Hello there. I am Terry and I am a full-time undergraduate based in Singapore. I take photos, write a blog and design websites.

And no, I'm not a teddy bear.

Flight Plan

Director: Robert Schwentke

Starring: Jodie Foster, Peter Sarsgaard, Erika Christensen, Sean Bean, Haley Ramm

Flying at 40,000 feet in a cavernous, state-of-the-art E-474 aircraft, Kyle Pratt (Jodie Foster) faces every mother’s worst nightmare when her six-year-old daughter Julia vanishes without a trace mid-flight from Berlin to New York. Already emotionally devastated by the unexpected death of her husband, Kyle desperately struggles to prove her sanity to the disbelieving flight crew and passengers while facing the very real possibility that she may be losing her mind. While neither the plane’s Captain Rich (Sean Bean), nor Air Marshal Gene Carson (Peter Sarsgaard) want to doubt the bereaved widow, all evidence indicates that her daughter was never on board resulting in paranoia and doubt among the passengers and crew of the plane. Finding herself desperately alone, Kyle can only rely on her own wits to solve the mystery and save her daughter.

The American airlines asked its employees to boycott the movie, as the movie pictures air stewardess as very unhelpful and rude people. Before the plane took off, one stewardess even said that “it is not wrong to hate your passengers”. Wow, this is sort of over-generalisation.


The shocking thing that followed is that Kyle actually attempted to make up a terrorisy attack scene in order to occupy all the airline crews on the flight by snapping the wires above the seating area. The reason? The flight crew prohibits her to search for her dear daughter, a mere six-year-old kid, in the cargo cabin. The flight captain said it was far too dangerous for her to venture into such places and might put her safety at a great risk.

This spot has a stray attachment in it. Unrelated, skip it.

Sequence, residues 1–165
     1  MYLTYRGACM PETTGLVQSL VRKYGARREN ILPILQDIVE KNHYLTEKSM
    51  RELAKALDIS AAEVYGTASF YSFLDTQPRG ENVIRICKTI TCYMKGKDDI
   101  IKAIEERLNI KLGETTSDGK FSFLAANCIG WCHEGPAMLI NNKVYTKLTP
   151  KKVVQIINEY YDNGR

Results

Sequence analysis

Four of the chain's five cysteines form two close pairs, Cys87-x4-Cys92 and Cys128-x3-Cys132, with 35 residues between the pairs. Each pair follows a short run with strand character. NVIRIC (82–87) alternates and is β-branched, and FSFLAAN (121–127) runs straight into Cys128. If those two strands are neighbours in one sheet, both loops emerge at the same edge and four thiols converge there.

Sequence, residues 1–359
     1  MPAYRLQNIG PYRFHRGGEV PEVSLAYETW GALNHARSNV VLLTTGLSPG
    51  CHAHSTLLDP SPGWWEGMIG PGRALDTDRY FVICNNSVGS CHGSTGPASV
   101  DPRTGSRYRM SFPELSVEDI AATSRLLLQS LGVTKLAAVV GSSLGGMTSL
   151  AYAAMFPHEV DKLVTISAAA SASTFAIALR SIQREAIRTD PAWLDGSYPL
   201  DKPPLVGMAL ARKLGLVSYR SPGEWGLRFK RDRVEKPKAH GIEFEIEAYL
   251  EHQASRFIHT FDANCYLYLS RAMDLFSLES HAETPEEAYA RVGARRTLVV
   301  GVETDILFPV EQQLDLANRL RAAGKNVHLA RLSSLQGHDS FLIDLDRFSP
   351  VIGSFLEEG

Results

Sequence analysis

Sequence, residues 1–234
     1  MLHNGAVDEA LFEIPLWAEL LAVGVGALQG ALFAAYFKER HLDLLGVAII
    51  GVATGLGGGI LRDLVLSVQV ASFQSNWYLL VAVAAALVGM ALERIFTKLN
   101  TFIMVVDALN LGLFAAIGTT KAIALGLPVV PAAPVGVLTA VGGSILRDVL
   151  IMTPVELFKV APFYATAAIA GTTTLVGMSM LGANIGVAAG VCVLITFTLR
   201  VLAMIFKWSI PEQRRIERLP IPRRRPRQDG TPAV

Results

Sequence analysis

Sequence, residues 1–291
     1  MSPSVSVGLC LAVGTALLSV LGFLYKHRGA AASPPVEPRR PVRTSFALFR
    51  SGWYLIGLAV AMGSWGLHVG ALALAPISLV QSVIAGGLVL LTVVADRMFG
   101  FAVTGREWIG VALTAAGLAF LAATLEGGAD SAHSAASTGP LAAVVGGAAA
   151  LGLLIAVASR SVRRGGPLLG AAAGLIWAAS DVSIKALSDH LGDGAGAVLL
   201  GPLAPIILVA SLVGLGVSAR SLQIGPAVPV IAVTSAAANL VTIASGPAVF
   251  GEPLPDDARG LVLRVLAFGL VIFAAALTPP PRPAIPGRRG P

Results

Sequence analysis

While the oxygen masks popped out and the lights out, Kyle managed to creep into the cargo cabin. She didn’t find her daughter, but just stumbled upon her husband’s coffin. She opened the coffin and cried to her already dead husband about losing their dear child. She can’t afford to loose another dearest one anymore. Air Marshal Gene Carson caught her red-handed for venturing to the cargo area. She got handcuffed for disturbing the flight passengers.

When the plane is about to land, here comes a tragic turn to the movie’s storyline – Air Marshal Gene Carson walks into the bottom deck, and there lies a little girl – Kyle’s daughter, Julia. I was scremaing “oh my God this can’t be true” while watching the part where Gene Carson ripps of the inner coating of the coffin, took out some explosives and placed it around the girl. One stewardess was talking to Gene Carson, about the child abduction plan of his to get money and put all the blame on the seemed-to-be phychotic Kyle.

Finally Kyle found her daughter, after smashing Gene Carson and the stewardess with a heavy fire extinguiser. She managed to escape from the plane’s bottom deck unscratched while pressing the denotator she snatch from Gene Carson when he was bleeding from his nose from the attack. Gene Carson died, but not the stewardess. The stewardess ran away from the plane and refused to cooperate with Gene Carson anymore, after both of them were attack by Kyle.

Happy ending, of course. Kyle and her daughter, Julia, lived happily ever after.

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